Metaphors are often used to frame news. Different types of metaphor (conventional, novel) can affect issue viewpoint via different underlying mechanisms (cognitive and affective text perception). We conducted a single-factor (type of expression: conventional metaphor, novel metaphor, nonmetaphorical expression) between-subjects experiment with text perception (cognitive, affective) and issue viewpoint as dependent variables and perceived novelty and perceived aptness of the metaphors as control variables. Type of expression did not affect issue viewpoint. Rather, we found indirect effects of metaphors on both cognitive and affective text perception via perceived novelty and aptness. Perceived novelty positively affected cognitive and affective text perception. However, for cognitive text perception, the positive effect of perceived novelty was countered by a negative effect of perceived aptness. This shows that metaphors work through different mechanisms, evoked by two different types of metaphor perception (perceived novelty, perceived aptness).
IJOC  metaphor  news 
august 2017 by pierredv
Ofcom sets rules for mobile spectrum auction - Ofcom, July 2017
"0 MHz of spectrum will be auctioned in the 2.3GHz band. This band is already supported by mobile devices from manufacturers such as Apple and Samsung. These airwaves could be used immediately after release to provide extra capacity, meaning faster downloads and internet browsing for mobile users.

In addition, 150 MHz of spectrum will be auctioned in the 3.4GHz band. These airwaves are not compatible with most current mobile devices, but are expected to be usable by future phones and tablets."

Spectrum caps

Philip Marnick, Ofcom’s Spectrum Group Director, said: “Spectrum is a vital resource that fuels the UK’s economy."
Ofcom  spectrum-auctions  metaphor  spectrum-caps  spectrum-resource 
july 2017 by pierredv
Disconnect to reconnect: The food/technology metaphor in digital detoxing | Sutton | First Monday

The idea of “going on a digital detox” arrives as a response to a proliferation of digital technology and a concern that this addictive form of sociality erodes meaningful or authentic connection. This paper explores concerns about our relationship with digital technology through a short ethnography of Camp Grounded: a Californian digital detox retreat and summer camp for adults. At Camp Grounded, digital detoxers conceptualise consumption of technology using a food parallel. While the brief connection or “snack” of a text message might temporarily satisfy, detoxers feel that waiting for a more nutritious face-to-face encounter will ultimately be more emotionally nourishing. This paper interrogates the food/technology metaphor to unpack its analytical limitations and the questions it prompts about the future of our relationship with digital technology.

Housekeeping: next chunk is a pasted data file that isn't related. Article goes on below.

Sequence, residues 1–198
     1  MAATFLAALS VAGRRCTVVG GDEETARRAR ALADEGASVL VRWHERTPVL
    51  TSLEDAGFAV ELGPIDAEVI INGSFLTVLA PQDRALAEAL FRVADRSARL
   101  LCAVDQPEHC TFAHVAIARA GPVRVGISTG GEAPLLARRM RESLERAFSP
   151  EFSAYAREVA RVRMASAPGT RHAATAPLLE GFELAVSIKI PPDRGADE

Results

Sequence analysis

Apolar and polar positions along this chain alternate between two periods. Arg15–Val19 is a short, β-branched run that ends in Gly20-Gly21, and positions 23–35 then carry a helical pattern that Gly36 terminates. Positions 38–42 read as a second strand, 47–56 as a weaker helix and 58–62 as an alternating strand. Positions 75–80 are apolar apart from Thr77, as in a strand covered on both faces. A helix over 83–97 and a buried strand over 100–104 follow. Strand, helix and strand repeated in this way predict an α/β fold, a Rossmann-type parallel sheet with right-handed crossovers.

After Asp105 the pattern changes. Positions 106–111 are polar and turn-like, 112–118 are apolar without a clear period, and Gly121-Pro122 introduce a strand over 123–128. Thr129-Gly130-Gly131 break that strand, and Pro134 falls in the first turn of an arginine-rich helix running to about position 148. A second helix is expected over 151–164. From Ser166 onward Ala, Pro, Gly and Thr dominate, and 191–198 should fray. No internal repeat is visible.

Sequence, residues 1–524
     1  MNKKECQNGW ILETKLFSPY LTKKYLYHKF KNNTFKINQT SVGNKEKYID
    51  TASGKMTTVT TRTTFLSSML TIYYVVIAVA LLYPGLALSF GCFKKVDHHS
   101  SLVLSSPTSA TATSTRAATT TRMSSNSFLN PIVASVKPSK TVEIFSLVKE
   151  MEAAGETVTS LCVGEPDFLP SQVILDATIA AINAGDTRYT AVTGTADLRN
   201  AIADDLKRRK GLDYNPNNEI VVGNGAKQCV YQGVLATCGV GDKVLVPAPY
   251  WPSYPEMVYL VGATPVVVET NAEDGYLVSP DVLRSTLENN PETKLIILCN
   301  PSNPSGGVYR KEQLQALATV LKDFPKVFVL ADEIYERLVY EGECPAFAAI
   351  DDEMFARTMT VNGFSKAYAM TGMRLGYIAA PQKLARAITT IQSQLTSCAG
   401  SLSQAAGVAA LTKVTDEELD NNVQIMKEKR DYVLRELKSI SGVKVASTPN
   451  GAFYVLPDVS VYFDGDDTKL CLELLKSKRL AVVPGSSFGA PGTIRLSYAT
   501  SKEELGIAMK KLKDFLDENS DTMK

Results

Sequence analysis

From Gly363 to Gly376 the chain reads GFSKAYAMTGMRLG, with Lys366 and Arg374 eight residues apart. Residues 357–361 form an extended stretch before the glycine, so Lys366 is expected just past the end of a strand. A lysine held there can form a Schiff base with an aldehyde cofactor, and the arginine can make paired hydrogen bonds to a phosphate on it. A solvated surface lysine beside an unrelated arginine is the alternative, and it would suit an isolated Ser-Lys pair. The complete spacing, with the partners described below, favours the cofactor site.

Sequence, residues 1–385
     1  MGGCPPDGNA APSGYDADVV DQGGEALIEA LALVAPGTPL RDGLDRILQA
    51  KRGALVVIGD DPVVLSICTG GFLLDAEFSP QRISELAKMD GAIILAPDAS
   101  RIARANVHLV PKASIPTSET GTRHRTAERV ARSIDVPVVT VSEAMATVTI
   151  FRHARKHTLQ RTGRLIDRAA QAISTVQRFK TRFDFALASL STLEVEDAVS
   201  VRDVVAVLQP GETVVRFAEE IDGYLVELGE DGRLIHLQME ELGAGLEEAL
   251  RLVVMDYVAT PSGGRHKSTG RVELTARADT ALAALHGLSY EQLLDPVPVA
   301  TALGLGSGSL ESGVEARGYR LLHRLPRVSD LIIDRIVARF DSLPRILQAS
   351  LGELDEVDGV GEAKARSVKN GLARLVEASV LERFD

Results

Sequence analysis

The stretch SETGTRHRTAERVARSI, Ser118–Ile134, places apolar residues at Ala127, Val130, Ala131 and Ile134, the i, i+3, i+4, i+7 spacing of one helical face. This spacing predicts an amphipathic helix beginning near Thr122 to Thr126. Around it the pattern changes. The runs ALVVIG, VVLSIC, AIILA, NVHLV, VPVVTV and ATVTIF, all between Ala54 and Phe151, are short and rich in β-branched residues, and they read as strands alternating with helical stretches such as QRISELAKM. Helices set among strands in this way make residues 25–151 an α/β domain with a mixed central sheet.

FirstMonday  metaphor 
june 2017 by pierredv
Is totally unoccupied TV band considered TV White Space?
With this flexibility, regulators could move ahead with policies to maximize spectrum usage without having to go through long regulatory processes. Countries such as India will be able to move forward to utilize their currently underutilized TV bands to benefit the unconnected rural areas, thus, achieving the Digital India initiative spearheaded by their Prime Minister Modi. Spectrum is a natural resource that should be used to benefit the people!
metaphor  rhetoric  spectrum  resources 
april 2017 by pierredv
"Innovation Orchards": Helping Tech Start-Ups Scale | ITIF
The new innovation orchard model brings together university, industry, and potentially government partners to provide start-ups with the know-how, access to technology, equipment, and bridge funding to scale up new technologies.
ITIF  metaphor  innovation 
march 2017 by pierredv
Cognitive science: Mind as mirror : Nature : Nature Research
Review of
Surfaces and Essences: Analogy as the Fuel and Fire of Thinking
Douglas Hofstadter & Emmanuel Sander

"In fact, this intriguing, frustrating book seems to exist almost in an intellectual vacuum. Unless one combs through the bibliography, one could mistakenly imagine that it is the first attempt to explore the idea of analogy and metaphor in linguistics, overlooking the work of Raymond Gibbs, Andrew Ortony, Esa Itkonen and many others."
metaphor  analogy  cognition  books  reviews  NatureJournal 
march 2017 by pierredv
Senate Looks At Spectrum Value | Multichannel - Feb 2017